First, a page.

The NRICH team are always looking for new ways to engage teachers
and pupils in problem solving. Here we explain the thinking behind
For this challenge, you'll need to play Got It! Can you explain the strategy for winning this game with any target?
Delight your friends with this cunning trick! Can you explain how
Can you explain how this card trick works?
Can you use the diagram to prove the AM-GM inequality?
Four bags contain a large number of 1s, 3s, 5s and 7s. Pick any ten numbers from the bags above so that their total is 37.
A little bit of algebra explains this 'magic'. Ask a friend to pick 3 consecutive numbers and to tell you a multiple of 3. Then ask them to add the four numbers and multiply by 67, and to tell you. . . .
An AP rectangle is one whose area is numerically equal to its perimeter. If you are given the length of a side can you always find an AP rectangle with one side the given length?
Pick a square within a multiplication square and add the numbers on
each diagonal. What do you notice?
Think of a number, add one, double it, take away 3, add the number
you first thought of, add 7, divide by 3 and take away the number
you first thought of. You should now be left with 2. How do I. . . .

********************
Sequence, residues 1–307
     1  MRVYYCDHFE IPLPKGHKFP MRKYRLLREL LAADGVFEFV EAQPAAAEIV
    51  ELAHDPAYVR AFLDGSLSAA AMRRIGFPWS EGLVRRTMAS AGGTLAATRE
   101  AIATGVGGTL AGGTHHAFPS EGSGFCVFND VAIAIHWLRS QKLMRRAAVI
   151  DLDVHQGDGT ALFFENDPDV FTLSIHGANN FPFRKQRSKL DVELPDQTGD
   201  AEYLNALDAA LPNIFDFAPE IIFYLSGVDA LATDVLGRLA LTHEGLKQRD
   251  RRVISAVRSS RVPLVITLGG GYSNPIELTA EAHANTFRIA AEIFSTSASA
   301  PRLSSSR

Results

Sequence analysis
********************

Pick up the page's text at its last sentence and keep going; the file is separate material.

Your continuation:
Spotting patterns can be an important first step - explaining why it is appropriate to generalise is the next step, and often the most interesting and important.
If you can copy a network without lifting your pen off the paper and without drawing any line twice, then it is traversable.
Decide which of these diagrams are traversable.
Can you work out how to win this game of Nim? Does it matter if you go first or second?
Can you see how to build a harmonic triangle? Can you work out the next two rows?
Triangle numbers can be represented by a triangular array of squares. What do you notice about the sum of identical triangle numbers?
Use the animation to help you work out how many lines are needed to draw mystic roses of different sizes.
Many numbers can be expressed as the sum of two or more consecutive integers. For example, 15=7+8 and 10=1+2+3+4. Can you say which numbers can be expressed in this way?